Holes in plywood platform

JDaPP

Adventurer
I am making a simple sleeping platform for my jeep and I am looking to drill a series of holes to decrease the weight but I don't want to over do it and sacrifice the integrity of the system. Anyone have recommendations on distance between holes, alignment, etc?

Plywood is 3/4" Pine, 70" long in two pieces. It will be setup/supported by the back of a 2-door Jk seat folded down and 2 reasonably strong plastic containers (heavy duty rubber maid from Walmart).
 

krick3tt

Adventurer
Wood pieces will have to be long enough for your body and might be an issue for storage.
Take the fabric off a cot and make an aluminum pipe frame for it. Lighter and easier to sleep on than wood. The frame can be sort of a take-apart type for ease of storage. Could even be electrical conduit.
 

DailyExpedition

Active member
I am making a simple sleeping platform for my jeep and I am looking to drill a series of holes to decrease the weight but I don't want to over do it and sacrifice the integrity of the system. Anyone have recommendations on distance between holes, alignment, etc?

Plywood is 3/4" Pine, 70" long in two pieces. It will be setup/supported by the back of a 2-door Jk seat folded down and 2 reasonably strong plastic containers (heavy duty rubber maid from Walmart).
Plywood is really strong, I would do the circles with at least 2 inches above, below, and side to side. Also I would do large circles as opposed to small ones, but you could put more smaller holes with les space between each one (about 1inch) and achieve the same thing especially if you stagger the holes. Smaller holes will help with stuff falling out or jamming anything you put inside the platform





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DailyExpedition

Active member
Awesome, Thanks for the replies! Will give it a go this weekend.
If you get a medium sized hole saw, well medium compared to large or small you can do the too, a hole saw is easier. Quick tip, once you start from one side go high speed and push slow, start the circle cut then stop, switch to other side and start the same way but go ahead and finish the cut, this will give you a nice clean circle with very little tear out. Ply is very susceptible to tear out, painters tape helps with that too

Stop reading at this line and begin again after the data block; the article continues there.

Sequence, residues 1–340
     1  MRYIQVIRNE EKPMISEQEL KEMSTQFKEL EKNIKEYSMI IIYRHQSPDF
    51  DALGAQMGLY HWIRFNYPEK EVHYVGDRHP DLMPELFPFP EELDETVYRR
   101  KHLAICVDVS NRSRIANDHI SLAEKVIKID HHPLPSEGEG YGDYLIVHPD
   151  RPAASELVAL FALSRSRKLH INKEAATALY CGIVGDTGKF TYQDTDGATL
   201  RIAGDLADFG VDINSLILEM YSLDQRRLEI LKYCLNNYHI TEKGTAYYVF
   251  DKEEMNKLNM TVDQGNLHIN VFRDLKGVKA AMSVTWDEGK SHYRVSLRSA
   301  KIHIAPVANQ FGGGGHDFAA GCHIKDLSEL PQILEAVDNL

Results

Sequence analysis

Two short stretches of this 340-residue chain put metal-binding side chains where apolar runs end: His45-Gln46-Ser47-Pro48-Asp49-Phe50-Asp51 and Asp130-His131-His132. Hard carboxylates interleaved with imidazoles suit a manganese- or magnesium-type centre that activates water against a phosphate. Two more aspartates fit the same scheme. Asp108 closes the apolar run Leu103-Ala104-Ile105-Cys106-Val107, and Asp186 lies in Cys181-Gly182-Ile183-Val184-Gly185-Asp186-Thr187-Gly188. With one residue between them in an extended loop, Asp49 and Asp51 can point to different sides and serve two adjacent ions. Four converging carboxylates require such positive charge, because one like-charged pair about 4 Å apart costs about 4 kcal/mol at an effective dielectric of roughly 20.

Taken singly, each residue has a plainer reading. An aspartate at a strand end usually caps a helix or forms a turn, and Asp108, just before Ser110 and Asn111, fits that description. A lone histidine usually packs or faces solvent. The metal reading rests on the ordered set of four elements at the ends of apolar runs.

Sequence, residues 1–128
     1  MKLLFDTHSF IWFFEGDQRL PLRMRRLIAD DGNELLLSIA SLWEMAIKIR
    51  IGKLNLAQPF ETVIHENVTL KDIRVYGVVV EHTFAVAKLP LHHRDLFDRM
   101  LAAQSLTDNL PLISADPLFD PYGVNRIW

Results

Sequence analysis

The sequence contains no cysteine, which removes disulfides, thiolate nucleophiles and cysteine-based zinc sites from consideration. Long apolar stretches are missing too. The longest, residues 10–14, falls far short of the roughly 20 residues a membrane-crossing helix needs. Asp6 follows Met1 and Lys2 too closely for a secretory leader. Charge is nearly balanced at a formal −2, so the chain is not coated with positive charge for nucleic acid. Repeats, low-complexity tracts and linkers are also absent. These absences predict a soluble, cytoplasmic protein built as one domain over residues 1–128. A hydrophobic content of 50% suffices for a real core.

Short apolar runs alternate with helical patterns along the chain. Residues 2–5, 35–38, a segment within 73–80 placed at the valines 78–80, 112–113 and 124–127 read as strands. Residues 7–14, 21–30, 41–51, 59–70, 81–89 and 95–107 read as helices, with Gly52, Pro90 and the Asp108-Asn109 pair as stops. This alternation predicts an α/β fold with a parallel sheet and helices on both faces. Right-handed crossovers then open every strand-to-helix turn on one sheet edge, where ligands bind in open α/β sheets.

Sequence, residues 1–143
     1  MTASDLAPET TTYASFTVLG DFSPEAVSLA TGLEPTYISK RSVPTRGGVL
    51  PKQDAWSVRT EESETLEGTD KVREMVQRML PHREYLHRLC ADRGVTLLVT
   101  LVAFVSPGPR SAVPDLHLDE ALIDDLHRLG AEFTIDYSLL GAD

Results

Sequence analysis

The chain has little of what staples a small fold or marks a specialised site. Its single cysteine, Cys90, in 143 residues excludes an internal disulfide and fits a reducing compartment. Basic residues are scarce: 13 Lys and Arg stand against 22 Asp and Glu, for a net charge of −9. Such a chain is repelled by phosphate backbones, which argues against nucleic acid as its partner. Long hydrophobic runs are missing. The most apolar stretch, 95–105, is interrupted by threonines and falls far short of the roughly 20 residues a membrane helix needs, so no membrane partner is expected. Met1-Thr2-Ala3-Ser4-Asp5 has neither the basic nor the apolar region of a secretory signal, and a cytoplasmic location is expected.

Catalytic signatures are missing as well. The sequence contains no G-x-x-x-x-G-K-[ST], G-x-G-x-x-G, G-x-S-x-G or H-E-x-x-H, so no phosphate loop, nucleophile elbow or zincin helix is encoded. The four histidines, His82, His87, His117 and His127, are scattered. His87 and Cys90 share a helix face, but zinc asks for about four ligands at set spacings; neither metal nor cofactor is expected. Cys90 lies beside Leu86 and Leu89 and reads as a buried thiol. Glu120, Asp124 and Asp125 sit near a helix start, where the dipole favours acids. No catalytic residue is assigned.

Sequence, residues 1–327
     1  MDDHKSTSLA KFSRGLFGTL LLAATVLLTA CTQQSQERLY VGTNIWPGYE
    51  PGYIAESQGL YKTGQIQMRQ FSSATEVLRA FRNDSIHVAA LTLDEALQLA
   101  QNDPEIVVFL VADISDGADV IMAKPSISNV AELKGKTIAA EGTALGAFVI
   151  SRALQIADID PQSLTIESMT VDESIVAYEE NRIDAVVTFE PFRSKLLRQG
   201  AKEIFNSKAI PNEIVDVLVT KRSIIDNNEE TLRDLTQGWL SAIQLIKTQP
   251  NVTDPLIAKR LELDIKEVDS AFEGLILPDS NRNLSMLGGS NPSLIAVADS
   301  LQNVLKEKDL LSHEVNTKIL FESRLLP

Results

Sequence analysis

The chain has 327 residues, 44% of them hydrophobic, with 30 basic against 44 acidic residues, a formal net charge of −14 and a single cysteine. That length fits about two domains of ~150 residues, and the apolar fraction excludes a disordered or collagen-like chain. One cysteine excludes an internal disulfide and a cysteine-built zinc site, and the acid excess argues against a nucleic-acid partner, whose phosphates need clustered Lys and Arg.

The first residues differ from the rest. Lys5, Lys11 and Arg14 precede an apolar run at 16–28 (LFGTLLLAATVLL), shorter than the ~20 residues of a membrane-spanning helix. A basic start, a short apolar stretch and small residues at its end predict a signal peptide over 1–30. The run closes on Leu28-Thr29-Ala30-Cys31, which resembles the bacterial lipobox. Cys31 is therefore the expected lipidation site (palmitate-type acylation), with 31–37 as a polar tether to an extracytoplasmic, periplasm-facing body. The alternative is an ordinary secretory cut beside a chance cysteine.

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WOODY2

Adventurer
Honestly the weight savings will be minuscule vs. the effort. Probably weigh less if you took 1 less beverage in your cooler?
 
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ducktapeguy

Adventurer
Honestly the weight savings will be minuscule vs. the effort. Probably weigh less if you took 1 less beverage in your cooler?
I agree with this. You can calculate how much weight you're saving, but I've done the calculations and personally I didn't think it was worth the effort.
 

fj40highroller

New member
I’m going to answer the question that you asked. I wanted to do and did the same thing. I used a 1 3/4” Forstner drill bit. My spacing was lines 3 inches apart running long ways. And then I put marks every 3 inches on those lines to drill the holes. So 3x3. I did it on The bottom of my sleeping platform and backside of storage boxes that I didn’t worry about dust getting into. And then did it on the driver side half of my sleeping system to make it as light as possible because there wasn’t really anything of value going in it. half inch finish plywood and it seems to be holding up just great. I routed out the holes on both sides with a quarter inch by half inch router bit. It does lighten it a good bit and it looks really cool too. I hope this helps. Cheers
 

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rayra

Expedition Leader
On a horizontal piece that you are sleeping on? It would need to be a lot of little holes. Honeycombing like the above pictures will do. But 23/32" ply is about 2-lbs/sq'. You're only 'saving' what, 10-lbs, max? Why bother?
You can do much larger skeletonizing on vertical pieces, to greater effect.

 

JDaPP

Adventurer
#1 thank you for all the suggestions. Let me clarify what I am trying to accomplish. Have JKU with ursa minor j30 w/4 people, 1 adult + 2 kids up top, 1 adult downstairs. Have a 3rd row seat which I will fold down and two plastic bins that will line up forward of 3rd row with plywood on top. Drilling the holes reduces the weight to make it easier for me to manipulate inside the vehicle at bedtime. Think raining/everyone inside or up top with limited room and trying to setup. As a broken down middle aged man I will take any advantages I can get, especially if it means I can use a power tool to reduce mass.

Greatly appreciate all the info as it gets me where I want to go and gives me options when I can pry the two kids out of my rightful bed on top.
daily expedition and fj40highroller thank you for the info.
 

rayra

Expedition Leader
You're going to want to run a router with a radius bit around all the edges of the holes you drill or they'll be hell on fingers and fabric. And painting it to further reduce snagging and splintering would be a good idea too.
 
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